In his application, Diehl said his concern with social inequality began when he spent nine months volunteering in rural Peru through Princeton’s Bridge Year Program and continued during a semester abroad at the University of Havana in Cuba. His interests in inequality and the American justice system were shaped by Princeton courses such as “Princeton and Slavery” and “Public Policy and the American Racial State,” as well as his role as president of Students for Prison Education and Reform.

His time at Princeton, along with his Oxford dissertation on the English prison state during the early 19th century and his experiences beyond the classroom, have shaped Diehl’s ultimate career goal: to champion increased fairness and opportunity for all.

“In order to accomplish this vision, I believe a nuanced knowledge of the foundations and contemporary implementations of law is necessary,” Diehl said. “Regardless of which specific path I choose, I am drawn to Stanford Law School for my legal education because it brings together a rigorous study of the law’s theoretical underpinnings with a plethora of opportunities to explore the practical interplay of law and policy at a local, national and international level.”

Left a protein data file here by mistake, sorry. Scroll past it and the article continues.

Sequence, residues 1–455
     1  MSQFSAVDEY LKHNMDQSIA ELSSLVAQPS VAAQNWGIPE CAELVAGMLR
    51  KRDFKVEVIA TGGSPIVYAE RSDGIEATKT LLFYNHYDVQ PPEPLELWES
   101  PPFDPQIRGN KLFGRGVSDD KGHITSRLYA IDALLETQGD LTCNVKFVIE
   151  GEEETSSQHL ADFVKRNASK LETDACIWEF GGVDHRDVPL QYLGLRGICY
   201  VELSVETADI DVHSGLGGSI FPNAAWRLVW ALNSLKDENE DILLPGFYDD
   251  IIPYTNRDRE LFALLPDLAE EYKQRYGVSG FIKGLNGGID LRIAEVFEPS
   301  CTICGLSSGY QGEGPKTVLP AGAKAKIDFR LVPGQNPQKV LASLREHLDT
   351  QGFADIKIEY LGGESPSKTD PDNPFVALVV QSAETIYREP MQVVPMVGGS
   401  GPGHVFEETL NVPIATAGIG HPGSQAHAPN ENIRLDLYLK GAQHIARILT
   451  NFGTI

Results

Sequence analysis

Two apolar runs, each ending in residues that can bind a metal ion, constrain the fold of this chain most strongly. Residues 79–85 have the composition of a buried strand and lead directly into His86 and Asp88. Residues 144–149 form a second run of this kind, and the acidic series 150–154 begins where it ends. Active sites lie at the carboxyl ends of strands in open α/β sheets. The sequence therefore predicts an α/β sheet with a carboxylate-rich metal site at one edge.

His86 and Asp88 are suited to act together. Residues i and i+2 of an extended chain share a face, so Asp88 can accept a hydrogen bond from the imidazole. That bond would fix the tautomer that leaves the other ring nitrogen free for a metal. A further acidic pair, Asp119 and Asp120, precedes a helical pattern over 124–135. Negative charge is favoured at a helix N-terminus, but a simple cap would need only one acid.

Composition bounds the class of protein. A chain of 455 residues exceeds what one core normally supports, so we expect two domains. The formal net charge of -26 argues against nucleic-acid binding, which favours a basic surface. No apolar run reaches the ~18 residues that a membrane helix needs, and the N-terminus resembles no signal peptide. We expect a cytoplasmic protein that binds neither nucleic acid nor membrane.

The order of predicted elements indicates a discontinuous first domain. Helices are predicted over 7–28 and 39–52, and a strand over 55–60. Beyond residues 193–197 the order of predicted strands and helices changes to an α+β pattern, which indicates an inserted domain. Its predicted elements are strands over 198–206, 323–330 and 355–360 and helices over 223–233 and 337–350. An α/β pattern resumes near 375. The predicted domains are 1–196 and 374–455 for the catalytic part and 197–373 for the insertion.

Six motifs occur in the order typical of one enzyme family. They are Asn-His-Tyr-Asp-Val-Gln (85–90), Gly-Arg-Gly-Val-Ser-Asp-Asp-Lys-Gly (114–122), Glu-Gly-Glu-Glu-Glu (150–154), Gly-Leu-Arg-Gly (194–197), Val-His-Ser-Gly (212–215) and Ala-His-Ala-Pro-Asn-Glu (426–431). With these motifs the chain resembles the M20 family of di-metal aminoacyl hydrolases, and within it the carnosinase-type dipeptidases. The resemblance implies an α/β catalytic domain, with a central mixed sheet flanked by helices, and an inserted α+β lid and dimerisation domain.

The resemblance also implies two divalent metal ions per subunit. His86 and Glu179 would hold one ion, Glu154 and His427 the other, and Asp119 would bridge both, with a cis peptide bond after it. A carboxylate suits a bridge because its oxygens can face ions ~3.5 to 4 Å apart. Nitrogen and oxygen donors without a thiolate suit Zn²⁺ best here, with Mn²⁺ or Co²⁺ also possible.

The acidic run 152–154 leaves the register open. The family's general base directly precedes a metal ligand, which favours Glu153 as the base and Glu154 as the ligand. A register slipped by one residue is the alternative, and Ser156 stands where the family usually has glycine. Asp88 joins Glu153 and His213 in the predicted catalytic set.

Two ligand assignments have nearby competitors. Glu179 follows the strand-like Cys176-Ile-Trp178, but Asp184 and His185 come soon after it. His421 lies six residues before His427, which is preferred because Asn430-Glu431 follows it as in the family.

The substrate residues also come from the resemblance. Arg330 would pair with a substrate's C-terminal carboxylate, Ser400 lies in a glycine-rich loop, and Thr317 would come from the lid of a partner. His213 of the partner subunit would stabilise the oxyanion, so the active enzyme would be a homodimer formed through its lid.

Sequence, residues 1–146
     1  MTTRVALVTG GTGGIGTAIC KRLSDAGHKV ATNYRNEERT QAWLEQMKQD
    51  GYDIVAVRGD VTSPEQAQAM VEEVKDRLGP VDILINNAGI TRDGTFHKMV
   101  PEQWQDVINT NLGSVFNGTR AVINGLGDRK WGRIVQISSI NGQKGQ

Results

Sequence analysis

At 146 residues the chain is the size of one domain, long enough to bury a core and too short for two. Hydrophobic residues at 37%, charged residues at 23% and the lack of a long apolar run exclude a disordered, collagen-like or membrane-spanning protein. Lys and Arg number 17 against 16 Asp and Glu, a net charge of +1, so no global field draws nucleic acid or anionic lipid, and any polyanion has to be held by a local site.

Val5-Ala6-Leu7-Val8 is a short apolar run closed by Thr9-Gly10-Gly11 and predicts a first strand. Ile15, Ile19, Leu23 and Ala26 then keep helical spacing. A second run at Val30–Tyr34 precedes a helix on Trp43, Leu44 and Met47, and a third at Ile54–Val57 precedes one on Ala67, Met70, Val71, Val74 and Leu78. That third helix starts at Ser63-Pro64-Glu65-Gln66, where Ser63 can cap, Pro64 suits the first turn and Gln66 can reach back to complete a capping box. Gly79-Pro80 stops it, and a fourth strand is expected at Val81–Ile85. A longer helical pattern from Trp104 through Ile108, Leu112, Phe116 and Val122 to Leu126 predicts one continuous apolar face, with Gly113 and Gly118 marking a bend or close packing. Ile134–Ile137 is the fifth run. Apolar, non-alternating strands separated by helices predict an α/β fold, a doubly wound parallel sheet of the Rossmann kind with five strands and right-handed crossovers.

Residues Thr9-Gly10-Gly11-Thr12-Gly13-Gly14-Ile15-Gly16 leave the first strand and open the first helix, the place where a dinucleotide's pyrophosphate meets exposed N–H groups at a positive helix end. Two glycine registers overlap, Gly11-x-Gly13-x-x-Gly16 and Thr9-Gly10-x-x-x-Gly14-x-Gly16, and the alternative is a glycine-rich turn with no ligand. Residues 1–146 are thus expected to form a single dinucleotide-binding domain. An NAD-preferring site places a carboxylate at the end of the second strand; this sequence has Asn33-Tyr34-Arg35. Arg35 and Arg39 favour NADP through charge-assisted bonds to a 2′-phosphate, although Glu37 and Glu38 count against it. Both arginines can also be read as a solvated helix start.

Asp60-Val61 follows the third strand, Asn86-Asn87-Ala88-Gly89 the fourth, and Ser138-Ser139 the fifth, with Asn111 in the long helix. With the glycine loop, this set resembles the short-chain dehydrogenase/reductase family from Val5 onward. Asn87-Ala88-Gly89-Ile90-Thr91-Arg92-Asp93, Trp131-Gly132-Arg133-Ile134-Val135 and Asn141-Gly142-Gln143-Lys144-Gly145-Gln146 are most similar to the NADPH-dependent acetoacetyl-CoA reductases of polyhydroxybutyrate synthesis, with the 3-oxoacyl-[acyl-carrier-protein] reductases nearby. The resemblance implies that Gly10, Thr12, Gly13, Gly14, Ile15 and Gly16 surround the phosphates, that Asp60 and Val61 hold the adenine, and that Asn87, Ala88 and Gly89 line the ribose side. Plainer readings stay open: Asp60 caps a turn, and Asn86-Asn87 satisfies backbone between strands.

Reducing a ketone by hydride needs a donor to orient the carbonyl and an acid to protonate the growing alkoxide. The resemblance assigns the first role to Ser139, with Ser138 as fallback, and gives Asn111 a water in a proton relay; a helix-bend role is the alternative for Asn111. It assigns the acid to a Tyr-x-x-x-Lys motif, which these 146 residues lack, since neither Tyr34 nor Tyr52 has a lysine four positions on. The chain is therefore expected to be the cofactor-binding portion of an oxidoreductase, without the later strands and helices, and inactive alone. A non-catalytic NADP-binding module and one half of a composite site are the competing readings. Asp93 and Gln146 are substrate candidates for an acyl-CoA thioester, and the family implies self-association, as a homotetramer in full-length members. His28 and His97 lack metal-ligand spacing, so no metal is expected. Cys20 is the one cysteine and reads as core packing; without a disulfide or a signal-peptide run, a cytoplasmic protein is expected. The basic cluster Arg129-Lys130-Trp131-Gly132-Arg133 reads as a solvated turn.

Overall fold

Gabriel Joseph
Gabriel Joseph

Joseph is a molecular biology major pursuing a certificate in engineering biology. He also is a member of the men’s varsity soccer team.

Joseph, who has various medical research and clinical experiences, said his grandmother inspired his dream of becoming a doctor. She completed her residency in internal medicine at Georgetown University in 1966, after coming to the United States from Puerto Rico as a young woman.

“When my abuelita [grandmother] passed, I realized that I had to make my ambition my own — I realized that in order to see her compassion live on in my life, I would have to intentionally live it out,” Joseph wrote in his application. “And so, I wrapped that into my pursuit of a career in medicine, realizing in part, where my desire to help others has come from.”